algebraC(q). We shall use mod 2 subscripts inCi. Recall the denition of the Swan
bundle^{U}. Put

=^{X}^{d}^{+1}

i^{=0}zi^{}vi; ^{2} (X;^{O}X(1)^{}V):

The complex

^{}

!OX( n)^{}Cn^{+}d^{+1} ^{}

!OX(1 n)^{}Cn^{+}d
^{}

!OX(2 n)^{}Cn^{+}d ^{1} ^{}

!

(3.3.1) is exact and locally splits ([11], Prop. 8.2.(a)).

Definition 3.3.1.

Un = Coker(^{O}X( n 2)^{}Cn^{+}d^{+3} ^{}

!OX( n 1)^{}Cn^{+}d^{+2});

U =^{U}d ^{1}:

Since the complex 3.3.1 is - up to a twist - periodical with period two, we have

Un^{+2}=^{U}n( 2):
Consider the exact sequences

OX( n 2)^{}Cn^{+}d^{+3} ^{}

!OX( n 1)^{}Cn^{+}d^{+2}^{!}^{U}n^{!}0

for two consecutive valuesn; twist the rst one by 1. For any anisotropic vectorw^{2}V
the isomorphism given by right multiplication by 1^{}w ts into the commutative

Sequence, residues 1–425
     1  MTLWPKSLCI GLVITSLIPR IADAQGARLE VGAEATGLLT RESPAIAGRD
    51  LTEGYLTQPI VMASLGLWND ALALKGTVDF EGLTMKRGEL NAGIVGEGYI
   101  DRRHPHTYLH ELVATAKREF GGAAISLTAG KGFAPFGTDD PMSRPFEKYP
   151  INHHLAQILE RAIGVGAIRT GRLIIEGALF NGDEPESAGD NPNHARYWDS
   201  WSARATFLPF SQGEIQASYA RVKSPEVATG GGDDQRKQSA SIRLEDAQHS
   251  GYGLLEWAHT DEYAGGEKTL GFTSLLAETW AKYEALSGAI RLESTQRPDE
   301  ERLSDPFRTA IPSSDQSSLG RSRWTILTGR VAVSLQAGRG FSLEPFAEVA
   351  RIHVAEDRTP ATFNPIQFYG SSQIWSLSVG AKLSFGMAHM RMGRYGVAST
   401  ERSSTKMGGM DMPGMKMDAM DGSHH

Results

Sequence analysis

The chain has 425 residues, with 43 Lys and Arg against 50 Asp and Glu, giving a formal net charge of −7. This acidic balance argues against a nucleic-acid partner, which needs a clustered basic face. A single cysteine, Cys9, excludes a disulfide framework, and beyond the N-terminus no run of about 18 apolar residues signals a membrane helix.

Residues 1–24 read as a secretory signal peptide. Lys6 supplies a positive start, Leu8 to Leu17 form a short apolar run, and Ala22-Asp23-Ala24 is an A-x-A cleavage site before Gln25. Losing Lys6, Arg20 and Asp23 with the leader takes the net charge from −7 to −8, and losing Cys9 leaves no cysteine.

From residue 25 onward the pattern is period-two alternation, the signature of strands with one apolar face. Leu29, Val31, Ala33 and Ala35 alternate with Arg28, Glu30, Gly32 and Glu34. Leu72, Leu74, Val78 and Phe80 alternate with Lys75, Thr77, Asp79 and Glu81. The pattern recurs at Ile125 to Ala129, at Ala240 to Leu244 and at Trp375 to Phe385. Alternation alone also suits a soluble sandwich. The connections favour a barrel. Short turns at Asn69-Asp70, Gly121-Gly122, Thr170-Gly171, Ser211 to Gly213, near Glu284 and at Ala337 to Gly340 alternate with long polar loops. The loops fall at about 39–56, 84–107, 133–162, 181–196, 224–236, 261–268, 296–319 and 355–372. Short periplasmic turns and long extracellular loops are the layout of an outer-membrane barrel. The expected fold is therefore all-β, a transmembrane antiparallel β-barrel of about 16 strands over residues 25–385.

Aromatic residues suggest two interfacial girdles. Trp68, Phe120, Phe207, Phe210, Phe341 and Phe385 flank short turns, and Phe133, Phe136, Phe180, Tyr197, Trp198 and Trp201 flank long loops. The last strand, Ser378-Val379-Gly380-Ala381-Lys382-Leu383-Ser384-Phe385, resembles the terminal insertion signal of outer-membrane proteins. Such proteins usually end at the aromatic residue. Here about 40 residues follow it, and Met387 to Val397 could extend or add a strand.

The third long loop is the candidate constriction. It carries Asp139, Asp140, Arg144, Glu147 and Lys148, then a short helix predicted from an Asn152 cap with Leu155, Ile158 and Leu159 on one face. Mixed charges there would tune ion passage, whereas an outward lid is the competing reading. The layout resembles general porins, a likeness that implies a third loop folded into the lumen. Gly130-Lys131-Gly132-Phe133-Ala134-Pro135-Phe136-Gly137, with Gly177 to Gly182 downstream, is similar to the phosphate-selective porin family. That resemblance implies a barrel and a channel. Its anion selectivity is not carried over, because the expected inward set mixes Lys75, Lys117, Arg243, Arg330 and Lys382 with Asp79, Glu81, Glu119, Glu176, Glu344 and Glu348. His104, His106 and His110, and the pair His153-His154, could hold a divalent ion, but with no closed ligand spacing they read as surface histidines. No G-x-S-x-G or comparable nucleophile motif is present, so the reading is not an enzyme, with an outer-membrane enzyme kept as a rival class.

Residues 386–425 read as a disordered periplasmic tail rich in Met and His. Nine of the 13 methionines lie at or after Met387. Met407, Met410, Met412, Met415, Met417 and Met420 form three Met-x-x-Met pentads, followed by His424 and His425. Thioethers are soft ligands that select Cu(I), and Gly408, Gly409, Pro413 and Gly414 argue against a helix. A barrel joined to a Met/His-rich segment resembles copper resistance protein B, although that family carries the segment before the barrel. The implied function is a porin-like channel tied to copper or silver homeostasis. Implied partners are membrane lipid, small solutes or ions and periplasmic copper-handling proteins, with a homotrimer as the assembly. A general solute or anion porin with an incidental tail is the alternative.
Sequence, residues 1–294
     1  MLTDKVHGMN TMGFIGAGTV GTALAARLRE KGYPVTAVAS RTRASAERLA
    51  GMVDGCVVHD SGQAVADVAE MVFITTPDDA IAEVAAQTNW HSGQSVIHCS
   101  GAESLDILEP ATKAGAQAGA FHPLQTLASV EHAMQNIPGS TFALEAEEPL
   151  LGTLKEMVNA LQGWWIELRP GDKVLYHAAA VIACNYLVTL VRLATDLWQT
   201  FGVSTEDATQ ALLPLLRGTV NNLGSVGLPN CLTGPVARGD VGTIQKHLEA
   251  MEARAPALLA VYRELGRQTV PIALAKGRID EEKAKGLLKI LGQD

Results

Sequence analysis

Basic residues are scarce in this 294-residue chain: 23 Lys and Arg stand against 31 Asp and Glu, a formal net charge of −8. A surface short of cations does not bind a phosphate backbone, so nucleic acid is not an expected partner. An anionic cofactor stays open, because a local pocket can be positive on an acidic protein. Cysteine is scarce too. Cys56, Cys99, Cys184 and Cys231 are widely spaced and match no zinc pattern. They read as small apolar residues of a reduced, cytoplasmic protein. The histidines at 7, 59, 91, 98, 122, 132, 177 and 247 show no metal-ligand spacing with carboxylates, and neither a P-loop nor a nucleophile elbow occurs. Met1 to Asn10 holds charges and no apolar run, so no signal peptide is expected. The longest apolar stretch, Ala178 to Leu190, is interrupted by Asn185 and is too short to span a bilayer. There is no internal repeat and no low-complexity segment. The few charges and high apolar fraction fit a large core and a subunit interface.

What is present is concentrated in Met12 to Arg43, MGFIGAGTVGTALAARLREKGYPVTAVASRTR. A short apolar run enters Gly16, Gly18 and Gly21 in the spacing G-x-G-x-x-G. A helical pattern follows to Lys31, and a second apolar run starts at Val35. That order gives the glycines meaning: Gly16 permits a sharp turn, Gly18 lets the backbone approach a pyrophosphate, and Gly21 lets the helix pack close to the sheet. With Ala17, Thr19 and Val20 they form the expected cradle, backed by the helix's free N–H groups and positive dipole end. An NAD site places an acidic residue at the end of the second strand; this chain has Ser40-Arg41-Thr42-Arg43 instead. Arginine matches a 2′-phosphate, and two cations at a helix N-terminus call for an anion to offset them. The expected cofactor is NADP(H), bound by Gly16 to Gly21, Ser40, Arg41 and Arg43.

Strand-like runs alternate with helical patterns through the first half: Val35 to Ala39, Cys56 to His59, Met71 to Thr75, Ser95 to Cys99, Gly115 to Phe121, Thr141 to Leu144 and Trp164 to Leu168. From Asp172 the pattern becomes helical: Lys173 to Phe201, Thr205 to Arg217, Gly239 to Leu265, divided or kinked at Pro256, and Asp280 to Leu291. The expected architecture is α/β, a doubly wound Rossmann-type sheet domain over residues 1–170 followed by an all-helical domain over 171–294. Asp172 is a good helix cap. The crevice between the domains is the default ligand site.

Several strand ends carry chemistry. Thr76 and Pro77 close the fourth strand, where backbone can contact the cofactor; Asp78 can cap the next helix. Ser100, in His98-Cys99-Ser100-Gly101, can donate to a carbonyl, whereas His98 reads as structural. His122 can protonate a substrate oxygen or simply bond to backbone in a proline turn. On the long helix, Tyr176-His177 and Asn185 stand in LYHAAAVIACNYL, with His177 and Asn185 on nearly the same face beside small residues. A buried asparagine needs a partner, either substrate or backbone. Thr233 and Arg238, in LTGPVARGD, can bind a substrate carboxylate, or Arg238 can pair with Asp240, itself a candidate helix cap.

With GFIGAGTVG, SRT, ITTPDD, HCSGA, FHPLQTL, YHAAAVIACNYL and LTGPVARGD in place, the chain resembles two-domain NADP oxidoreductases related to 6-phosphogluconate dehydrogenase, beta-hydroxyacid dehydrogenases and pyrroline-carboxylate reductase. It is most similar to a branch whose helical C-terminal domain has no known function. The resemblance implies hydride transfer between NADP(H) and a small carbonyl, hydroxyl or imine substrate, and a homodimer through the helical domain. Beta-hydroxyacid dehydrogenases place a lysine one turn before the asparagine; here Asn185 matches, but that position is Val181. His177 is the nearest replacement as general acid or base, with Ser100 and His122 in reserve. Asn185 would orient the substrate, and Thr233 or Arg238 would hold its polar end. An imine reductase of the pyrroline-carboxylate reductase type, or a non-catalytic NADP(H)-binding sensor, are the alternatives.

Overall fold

diagram:

OX( n 2)^{}Cn^{+}d^{+4} ^{}

! OX( n 1)^{}Cn^{+}d^{+3} ^{!} ^{U}n^{+1}(1) ^{!} 0

=

?

?

y1w ^{}^{=}^{?}^{?}^{y1}w

OX( n 2)^{}Cn^{+}d^{+3} ^{}

! OX( n 1)^{}Cn^{+}d^{+2} ^{!} ^{U}n ^{!} 0:
Thus we have proved the following lemma:

Lemma 3.3.2.

Un^{+1}^{}=^{U}n( 1) and ^{U}n^{}=^{U}^{0}( n)
for arbitrary integer n.

There is an exact sequence

0^{!}^{U}^{0} ^{!}^{} ^{O}X^{}C^{0}^{!}^{U} ^{1}^{!}0 (3.3.2)
where an isomorphism^{}(1^{}w) was used to replace^{O}X^{}C^{1}by^{O}X^{}C^{0}for evend.
Lemma 3.3.3. EndX(^{U}n)^{}=C^{0}acts on^{U}n from the right.

Proof. [11], Lemma 8.7.

3.4

We are now ready to compute^{U}n^{^}.

Lemma 3.4.1. ^{U}_{n}^{^}^{}=^{U}n(2n+ 1), in particular^{U}^{^}^{}=^{U}(2d 1).

Proof. We have chosen a basisv^{0}; v^{1}; ::: ; vd^{+1}ofV in 3.1 above. The set of naturally
ordered products of several v_{i}'s in an even number forms a basis of C^{0}. Dene a